Grow Girl

An Interview from Identity Theory

Interview: Heather Donahue, Author of Growgirl

By Matt Borondy | Published: April 18, 2013

9781592407040 Interview: Heather Donahue, Author of <em>Growgirl</em>At the age of 34, Heather Donahue meditated for a few days, then burnt the remains of her acting career, which included starring in The Blair Witch Project and the Steven Spielberg miniseries Taken, to begin a more organic life growing medical marijuana with her new boyfriend in Northern California.

Growgirl: The Blossoming of an Unlikely Outlaw is Heather’s very funny memoir of finding her way in the hippie pot-growing community and inventing a more enlightened, post-Hollywood identity out of smoke and ashes.

In her interview with Identity Theory, the writer formerly known as The Girl fromThe Blair Witch Project talks about ideal marijuana legislation, misunderstandings about pot farmers, and the future of her writing career.

Mike Doughty said in our 2006 interview, “I’d like to get weed recognized as a drug that people can become seriously addicted to and wreck their lives with. I don’t judge drugs—I stopped doing ’em, but I love ’em. But this nonsense that weed is some kind of light non-drug is pure fiction; a major problem in our society.” What is your response to that?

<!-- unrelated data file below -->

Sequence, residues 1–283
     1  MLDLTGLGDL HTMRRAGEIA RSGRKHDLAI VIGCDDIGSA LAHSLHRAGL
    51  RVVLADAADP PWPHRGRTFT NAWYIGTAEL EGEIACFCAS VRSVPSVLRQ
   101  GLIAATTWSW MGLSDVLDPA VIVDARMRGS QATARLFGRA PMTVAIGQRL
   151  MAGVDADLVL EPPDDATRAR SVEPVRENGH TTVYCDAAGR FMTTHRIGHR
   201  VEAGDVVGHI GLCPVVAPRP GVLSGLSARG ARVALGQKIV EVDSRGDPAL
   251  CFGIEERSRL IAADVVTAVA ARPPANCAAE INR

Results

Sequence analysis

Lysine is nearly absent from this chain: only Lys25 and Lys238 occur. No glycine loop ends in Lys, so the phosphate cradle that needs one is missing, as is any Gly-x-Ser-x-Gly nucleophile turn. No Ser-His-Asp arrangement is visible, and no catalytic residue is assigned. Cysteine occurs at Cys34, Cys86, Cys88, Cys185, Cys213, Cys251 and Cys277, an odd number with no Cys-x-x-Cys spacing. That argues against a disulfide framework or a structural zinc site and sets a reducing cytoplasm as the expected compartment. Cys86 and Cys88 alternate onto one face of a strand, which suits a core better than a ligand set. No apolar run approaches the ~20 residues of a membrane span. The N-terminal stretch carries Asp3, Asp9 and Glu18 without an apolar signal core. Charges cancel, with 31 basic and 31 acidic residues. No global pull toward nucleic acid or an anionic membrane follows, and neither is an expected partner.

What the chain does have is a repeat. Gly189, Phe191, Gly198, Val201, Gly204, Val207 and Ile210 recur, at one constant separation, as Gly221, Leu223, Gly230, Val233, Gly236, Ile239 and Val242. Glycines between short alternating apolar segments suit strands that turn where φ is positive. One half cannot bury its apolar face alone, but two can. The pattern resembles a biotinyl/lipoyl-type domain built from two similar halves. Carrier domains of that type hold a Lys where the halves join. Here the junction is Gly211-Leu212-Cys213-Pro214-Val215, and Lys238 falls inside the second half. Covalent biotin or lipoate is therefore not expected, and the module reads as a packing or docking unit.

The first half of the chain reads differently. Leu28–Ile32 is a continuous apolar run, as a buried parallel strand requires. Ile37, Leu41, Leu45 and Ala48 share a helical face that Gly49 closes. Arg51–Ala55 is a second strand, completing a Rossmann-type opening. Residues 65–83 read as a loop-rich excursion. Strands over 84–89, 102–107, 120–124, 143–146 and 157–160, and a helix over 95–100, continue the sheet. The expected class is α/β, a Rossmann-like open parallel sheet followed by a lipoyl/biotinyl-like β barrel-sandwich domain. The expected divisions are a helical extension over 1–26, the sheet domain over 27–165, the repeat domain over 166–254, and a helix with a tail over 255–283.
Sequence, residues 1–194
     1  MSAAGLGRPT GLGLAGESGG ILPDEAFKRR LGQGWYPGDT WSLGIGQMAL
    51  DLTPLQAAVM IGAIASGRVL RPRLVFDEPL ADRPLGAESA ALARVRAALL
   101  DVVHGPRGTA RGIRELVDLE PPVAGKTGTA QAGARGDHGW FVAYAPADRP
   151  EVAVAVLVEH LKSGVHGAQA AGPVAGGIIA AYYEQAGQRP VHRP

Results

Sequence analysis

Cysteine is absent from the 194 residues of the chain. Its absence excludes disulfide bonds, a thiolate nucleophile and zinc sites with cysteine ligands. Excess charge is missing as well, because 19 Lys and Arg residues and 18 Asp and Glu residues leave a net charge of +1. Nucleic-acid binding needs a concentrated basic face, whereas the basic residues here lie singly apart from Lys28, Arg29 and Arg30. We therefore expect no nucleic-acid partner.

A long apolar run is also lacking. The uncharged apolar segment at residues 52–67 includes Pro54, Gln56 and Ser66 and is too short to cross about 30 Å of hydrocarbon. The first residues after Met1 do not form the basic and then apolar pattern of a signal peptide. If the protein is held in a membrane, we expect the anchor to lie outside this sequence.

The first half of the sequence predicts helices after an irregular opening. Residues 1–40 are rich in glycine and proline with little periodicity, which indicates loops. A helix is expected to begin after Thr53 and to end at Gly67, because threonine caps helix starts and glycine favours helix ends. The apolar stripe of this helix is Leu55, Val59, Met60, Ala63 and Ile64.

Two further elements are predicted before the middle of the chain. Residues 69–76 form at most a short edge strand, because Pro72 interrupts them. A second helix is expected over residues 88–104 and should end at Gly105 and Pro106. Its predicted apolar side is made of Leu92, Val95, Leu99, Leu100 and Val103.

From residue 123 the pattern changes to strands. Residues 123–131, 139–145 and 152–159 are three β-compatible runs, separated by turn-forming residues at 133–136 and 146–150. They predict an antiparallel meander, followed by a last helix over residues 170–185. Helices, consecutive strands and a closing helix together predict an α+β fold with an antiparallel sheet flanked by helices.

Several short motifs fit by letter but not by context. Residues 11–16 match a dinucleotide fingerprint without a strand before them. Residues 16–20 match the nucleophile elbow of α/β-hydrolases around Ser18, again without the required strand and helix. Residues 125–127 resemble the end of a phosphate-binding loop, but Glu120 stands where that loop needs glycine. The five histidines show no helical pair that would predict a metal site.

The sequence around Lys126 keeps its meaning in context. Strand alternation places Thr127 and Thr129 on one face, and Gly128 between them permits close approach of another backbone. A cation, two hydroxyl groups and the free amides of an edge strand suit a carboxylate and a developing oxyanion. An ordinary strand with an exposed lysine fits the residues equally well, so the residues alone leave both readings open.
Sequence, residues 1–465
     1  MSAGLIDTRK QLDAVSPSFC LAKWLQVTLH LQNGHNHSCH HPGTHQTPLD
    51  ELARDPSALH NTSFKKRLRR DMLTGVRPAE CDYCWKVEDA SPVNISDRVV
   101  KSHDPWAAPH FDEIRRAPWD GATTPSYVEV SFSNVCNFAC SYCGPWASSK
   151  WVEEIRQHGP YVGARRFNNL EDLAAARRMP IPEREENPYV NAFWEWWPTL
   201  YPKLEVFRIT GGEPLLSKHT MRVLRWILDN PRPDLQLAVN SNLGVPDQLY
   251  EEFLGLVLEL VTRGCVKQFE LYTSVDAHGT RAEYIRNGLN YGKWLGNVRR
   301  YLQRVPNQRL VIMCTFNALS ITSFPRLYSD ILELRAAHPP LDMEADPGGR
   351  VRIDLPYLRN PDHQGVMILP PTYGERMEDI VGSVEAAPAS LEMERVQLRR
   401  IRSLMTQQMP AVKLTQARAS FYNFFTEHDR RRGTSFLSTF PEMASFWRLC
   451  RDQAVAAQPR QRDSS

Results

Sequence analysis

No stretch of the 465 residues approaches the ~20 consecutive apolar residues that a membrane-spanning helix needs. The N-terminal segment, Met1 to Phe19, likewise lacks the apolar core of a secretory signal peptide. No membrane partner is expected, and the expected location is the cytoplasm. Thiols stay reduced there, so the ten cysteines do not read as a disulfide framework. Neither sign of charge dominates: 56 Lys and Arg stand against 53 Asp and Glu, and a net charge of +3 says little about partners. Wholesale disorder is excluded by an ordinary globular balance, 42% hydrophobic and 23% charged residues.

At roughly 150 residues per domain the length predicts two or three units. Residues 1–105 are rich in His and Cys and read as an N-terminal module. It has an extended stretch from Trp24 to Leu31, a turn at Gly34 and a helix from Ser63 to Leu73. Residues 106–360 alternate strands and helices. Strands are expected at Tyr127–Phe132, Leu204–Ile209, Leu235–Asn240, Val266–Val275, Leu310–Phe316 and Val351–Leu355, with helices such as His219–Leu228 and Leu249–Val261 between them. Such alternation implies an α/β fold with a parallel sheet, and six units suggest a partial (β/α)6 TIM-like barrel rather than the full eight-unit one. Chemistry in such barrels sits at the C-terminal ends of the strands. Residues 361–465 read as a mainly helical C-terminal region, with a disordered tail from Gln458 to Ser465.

Just because something is powerful, doesn’t mean we need to take it away from people. From children, sure, but not from the grownup among us. I don’t think that anybody is suggesting that cannabis isn’t a powerful plant, it clearly is. That’s why there’s all this political and economic hubbub around it. It’s like the Force, Luke. You can use it in a lot of ways, but that doesn’t mean people shouldn’t have the opportunity to choose responsibly. Free, right? That’s the best of our national brand. America: Home of the Babysat. Just doesn’t have the same ring.

In the year-plus since Growgirl was released, major transformations occurred in the marijuana policies of several states. Going forward, what does the ideal pot policy look like at the state level?